A well-developed knowledge translation (KT) plan is emerging as a proposal requirement for health research in Canada and abroad, and there is greater attention to research utilization and research impact. The SKTT© training course was developed on the premise that scientists are agents of change in creating research impact, promoting research utilization, and ensuring their research findings reach the appropriate audiences. There is a skill set surrounding KT practice, and it is these competencies that the training course was designed to impart.
- Participants will develop improved understanding and knowledge related to KT and its context within the social/political/research community
- Participants will learn about the evidence-base underlying KT strategies and develop awareness of how to evaluate impact
- Participants will learn to develop KT plans
- Participants will improve their abilities for communicating research findings to multiple audiences
- Participants will improve their understanding and skills related to sharing research knowledge through the media
- Participants will develop appreciation and skills elated to linking with policy makers
The training workshop includes 5 modules provided over 2 days but can be modified to fit your specific needs. Training is provided using a combination of didactic and interactive techniques, including the KT Game©. SKTT training is appropriate for scientists across all four scientific pillars, basic, clinical, health services, and population health, and can be adapted to other health audiences. The course has been evaluated with scientists.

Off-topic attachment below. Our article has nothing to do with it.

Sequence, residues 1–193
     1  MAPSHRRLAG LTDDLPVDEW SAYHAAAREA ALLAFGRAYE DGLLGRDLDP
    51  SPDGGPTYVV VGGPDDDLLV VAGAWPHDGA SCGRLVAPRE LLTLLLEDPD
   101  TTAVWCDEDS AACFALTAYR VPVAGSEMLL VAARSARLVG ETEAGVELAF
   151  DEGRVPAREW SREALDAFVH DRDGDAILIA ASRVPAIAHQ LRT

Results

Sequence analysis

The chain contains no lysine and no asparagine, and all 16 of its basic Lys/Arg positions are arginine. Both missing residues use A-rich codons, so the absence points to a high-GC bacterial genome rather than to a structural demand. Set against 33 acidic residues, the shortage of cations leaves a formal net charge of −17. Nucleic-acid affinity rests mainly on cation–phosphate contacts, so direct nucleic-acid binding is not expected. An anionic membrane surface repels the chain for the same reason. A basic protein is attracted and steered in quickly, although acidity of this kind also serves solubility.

For more information or to request training for your group, contact Dr. Melanie Barwick at (416) 813-1085 or email@example.com.
The SKTT Course was developed through funding from the Canadian Health Services Research Foundation (Grant KBD-1213-06) and the Research Institute, Hospital for Sick Children (Sick Kids), Toronto.
© Barwick M, Butterill D, Lockett DM, Buckley L & Goering P. (2005). Scientist knowledge translation training manual. The Hospital for Sick Children / Centre for Addiction and Mental Health, Toronto, Ontario, Canada.